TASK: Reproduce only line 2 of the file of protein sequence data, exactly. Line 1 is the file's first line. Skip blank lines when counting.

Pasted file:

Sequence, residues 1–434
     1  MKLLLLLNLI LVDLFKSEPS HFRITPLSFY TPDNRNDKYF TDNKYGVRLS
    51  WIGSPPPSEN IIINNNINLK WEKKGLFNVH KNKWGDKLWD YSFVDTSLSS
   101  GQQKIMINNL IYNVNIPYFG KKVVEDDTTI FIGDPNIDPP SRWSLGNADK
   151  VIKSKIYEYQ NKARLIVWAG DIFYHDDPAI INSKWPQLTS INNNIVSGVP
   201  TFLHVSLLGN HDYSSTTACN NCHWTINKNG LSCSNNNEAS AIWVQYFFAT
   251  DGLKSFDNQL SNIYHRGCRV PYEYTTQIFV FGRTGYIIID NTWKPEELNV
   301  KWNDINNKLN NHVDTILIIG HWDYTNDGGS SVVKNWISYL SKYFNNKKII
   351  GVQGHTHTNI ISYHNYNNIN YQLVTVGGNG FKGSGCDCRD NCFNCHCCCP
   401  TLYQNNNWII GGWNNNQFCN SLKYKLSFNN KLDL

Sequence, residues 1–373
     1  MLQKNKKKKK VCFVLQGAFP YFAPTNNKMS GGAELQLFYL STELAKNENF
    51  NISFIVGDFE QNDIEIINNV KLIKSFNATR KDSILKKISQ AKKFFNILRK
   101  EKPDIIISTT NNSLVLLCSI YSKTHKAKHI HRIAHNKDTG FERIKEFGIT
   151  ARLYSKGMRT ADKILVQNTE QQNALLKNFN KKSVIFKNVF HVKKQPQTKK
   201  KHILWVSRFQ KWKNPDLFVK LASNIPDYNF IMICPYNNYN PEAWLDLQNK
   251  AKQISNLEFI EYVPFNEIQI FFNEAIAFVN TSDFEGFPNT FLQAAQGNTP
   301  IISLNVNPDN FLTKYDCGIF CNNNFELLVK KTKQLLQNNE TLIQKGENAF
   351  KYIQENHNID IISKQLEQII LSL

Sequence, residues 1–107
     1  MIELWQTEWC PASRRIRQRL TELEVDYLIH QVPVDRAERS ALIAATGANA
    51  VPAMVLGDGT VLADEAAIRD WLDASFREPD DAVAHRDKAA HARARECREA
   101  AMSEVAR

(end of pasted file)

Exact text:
     1  MKLLLLLNLI LVDLFKSEPS HFRITPLSFY TPDNRNDKYF TDNKYGVRLS